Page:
Session Title: Virtual Poster Hall
Session Time: None. Available on demand.
Disclosures: Shawn M. McGargill, MD: No financial relationships or conflicts of interest
Objective: Among patients with back pain, coexistence of additional painful joints is common. The objective of this research was to determine the impact of concurrent back, neck, knee and hip pain on functional outcomes.
Design: Data from the multicenter, observational population-based Osteoarthritis Initiative (OAI) study were used. Setting : Academic medical center. Participants : Men and women aged 45-79 years (N=4,771; 61.1±9.1yrs; 28.6±4.8 kg/m2 and 58.5% female) were grouped by presence or not of joint pain: no pain, Back Pain, Back+Neck pain, Back+Neck+Knee pain and Back+Neck+Knee+Hip pain.
Interventions: Not applicable.
Main Outcome Measures: : Knee Injury and Osteoarthritis Outcome score (KOOS; quality of life and function-sports-and-recreation subcores); Medical Outcomes Short Form-12 (SF12) physical component score, self-reported function in last 7-30 days (lifting 25lb objects, housework), 20meter and 400meter walk times, repeated chair rise test time and falls within the last 12 months.
Results: The addition of progressively more pain sites to BP worsened KOOS quality of life and function-sports-and-recreation scores by 7.4%-34.7% (p < .0001). SF-12 Physical Component scores were highest in the no pain group and lowest in the Back+Neck+Knee+Hip pain group (52.3±7.3 points versus 39.9±10.9 points; p < .0001). The 20meter and 400meter walk times increased with number of painful joints: 20meter [15.0±2.4s no pain to 17.3±3.8s Back+Neck+Knee+Hip pain; p < .0001] and 400meter [296±47s no pain to 339±81s Back+Neck+Knee+Hip pain; p < .0001]. Moreover, the number of rest stops during the 400meter walk was highest in the Back+Neck+Knee+Hip pain group (p=.023). Repeated chair rise time increased by 5.4%-29.0% with additional pain sites to the back (p < .0001). During the preceding year, more pain sites was associated with increased fall frequency and repeated falls (p < .0001). Conclusions: Clinicians should consider the significant functional burden of patients with concurrent back and multisite pain to maximize treatment pathways, prevent falls and help patients attain highest quality of life possible.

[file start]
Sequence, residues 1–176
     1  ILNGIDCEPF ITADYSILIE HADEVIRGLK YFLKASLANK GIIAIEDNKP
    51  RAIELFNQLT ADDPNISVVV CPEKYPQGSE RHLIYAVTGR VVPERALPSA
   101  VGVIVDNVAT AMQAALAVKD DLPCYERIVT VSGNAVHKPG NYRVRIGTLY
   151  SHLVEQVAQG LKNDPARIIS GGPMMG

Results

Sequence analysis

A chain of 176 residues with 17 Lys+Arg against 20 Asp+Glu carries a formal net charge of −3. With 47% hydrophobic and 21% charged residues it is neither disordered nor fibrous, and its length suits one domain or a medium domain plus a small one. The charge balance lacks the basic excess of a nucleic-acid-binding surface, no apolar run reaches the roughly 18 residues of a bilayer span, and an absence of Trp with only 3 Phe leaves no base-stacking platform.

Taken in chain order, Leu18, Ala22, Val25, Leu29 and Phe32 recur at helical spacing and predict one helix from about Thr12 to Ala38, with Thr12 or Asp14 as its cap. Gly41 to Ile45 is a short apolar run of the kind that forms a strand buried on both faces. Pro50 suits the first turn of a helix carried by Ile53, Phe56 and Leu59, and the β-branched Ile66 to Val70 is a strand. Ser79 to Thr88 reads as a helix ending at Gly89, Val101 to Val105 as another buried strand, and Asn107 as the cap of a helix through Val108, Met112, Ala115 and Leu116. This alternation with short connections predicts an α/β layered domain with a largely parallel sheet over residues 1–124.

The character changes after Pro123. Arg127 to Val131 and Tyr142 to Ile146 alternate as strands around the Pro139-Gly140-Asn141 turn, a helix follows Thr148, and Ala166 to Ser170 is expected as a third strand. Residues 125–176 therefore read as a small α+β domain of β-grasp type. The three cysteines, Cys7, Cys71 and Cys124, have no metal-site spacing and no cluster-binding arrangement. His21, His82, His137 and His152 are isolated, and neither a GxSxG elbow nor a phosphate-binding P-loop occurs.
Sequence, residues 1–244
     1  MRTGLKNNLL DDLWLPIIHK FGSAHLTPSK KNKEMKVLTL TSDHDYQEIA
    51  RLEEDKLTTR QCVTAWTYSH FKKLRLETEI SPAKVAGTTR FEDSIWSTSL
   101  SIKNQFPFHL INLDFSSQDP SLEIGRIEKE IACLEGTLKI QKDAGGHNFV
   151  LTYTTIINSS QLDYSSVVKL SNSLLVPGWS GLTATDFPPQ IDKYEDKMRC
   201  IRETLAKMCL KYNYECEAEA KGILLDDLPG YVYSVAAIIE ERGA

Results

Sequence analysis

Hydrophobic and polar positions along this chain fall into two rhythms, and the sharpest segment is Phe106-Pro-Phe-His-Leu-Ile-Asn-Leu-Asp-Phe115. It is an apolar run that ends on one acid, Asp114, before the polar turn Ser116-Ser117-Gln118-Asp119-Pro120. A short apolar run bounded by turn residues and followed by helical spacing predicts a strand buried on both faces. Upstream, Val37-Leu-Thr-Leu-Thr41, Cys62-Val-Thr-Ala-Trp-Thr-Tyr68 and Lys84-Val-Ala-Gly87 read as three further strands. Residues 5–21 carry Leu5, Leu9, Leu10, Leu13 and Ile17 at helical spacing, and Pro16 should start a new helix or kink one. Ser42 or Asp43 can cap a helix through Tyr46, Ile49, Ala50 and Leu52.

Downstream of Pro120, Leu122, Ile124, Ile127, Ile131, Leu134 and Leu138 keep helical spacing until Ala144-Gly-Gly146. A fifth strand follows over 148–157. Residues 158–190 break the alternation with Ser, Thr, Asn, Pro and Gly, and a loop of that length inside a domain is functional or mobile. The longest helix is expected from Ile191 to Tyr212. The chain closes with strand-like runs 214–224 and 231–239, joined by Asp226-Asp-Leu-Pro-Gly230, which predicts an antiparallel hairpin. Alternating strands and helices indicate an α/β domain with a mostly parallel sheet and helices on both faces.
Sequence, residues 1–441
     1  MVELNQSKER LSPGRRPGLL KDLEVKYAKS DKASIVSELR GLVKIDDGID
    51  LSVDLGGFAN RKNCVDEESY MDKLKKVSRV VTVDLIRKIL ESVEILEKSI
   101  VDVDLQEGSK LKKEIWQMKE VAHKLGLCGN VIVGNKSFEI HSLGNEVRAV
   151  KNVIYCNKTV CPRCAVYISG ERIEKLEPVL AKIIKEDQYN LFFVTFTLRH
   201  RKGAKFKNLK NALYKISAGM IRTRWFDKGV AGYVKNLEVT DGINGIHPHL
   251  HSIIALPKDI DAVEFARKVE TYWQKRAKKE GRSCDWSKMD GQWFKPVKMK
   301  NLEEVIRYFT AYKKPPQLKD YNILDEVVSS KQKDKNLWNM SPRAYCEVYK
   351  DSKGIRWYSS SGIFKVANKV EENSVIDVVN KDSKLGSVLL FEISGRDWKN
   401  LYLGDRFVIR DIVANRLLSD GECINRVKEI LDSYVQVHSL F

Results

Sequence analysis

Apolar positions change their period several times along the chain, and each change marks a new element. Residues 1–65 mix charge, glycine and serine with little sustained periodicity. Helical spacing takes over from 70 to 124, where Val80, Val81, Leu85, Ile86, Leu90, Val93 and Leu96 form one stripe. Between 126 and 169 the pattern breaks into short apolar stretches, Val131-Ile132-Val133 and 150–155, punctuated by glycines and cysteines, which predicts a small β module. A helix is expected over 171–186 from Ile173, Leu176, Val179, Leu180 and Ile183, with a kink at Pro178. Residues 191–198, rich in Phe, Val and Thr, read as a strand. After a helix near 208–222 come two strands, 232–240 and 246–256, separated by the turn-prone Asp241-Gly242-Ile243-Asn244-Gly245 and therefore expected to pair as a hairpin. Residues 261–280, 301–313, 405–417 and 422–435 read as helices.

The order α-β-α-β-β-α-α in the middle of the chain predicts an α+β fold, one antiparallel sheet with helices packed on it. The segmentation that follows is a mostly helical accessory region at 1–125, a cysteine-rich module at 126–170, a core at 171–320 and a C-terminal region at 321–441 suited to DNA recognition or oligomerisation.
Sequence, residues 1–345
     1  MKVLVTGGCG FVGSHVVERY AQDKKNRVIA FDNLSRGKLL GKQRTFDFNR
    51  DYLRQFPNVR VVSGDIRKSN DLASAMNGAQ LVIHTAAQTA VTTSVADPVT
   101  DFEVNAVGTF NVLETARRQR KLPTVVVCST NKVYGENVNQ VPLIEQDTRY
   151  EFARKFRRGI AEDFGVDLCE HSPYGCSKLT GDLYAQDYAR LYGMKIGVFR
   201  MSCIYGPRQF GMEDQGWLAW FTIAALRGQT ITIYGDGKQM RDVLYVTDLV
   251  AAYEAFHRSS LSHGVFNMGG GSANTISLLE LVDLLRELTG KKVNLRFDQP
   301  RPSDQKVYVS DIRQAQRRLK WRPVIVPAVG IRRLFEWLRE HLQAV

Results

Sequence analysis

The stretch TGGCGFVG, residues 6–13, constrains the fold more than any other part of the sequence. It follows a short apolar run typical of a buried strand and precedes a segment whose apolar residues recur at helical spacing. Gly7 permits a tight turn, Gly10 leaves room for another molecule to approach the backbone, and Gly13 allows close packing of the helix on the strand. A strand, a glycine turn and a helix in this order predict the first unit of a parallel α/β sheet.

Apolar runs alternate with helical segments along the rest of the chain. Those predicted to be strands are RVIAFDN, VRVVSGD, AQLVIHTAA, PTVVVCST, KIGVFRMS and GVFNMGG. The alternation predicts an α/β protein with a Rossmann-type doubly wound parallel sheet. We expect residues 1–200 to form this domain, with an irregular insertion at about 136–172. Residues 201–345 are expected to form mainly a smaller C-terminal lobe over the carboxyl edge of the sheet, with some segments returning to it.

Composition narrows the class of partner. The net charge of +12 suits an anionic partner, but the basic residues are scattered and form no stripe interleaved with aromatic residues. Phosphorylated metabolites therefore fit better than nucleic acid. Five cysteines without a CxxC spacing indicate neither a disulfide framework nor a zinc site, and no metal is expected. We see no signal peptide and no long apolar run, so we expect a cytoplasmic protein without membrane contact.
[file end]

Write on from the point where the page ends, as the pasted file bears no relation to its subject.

Level of Evidence: Level I
To cite this abstract in AMA style:McGargill SM, Sein M, Vincent HK. Functional Consequence of Coexisting Painful Joints Among Individuals with Back Pain: Insight from the Osteoarthritis Initiative [abstract]. PM R. 2020; 12(S1)(suppl 1). https://pmrjabstracts.org/abstract/functional-consequence-of-coexisting-painful-joints-among-individuals-with-back-pain-insight-from-the-osteoarthritis-initiative/. Accessed April 16, 2021.
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PM&R Meeting Abstracts - https://pmrjabstracts.org/abstract/functional-consequence-of-coexisting-painful-joints-among-individuals-with-back-pain-insight-from-the-osteoarthritis-initiative/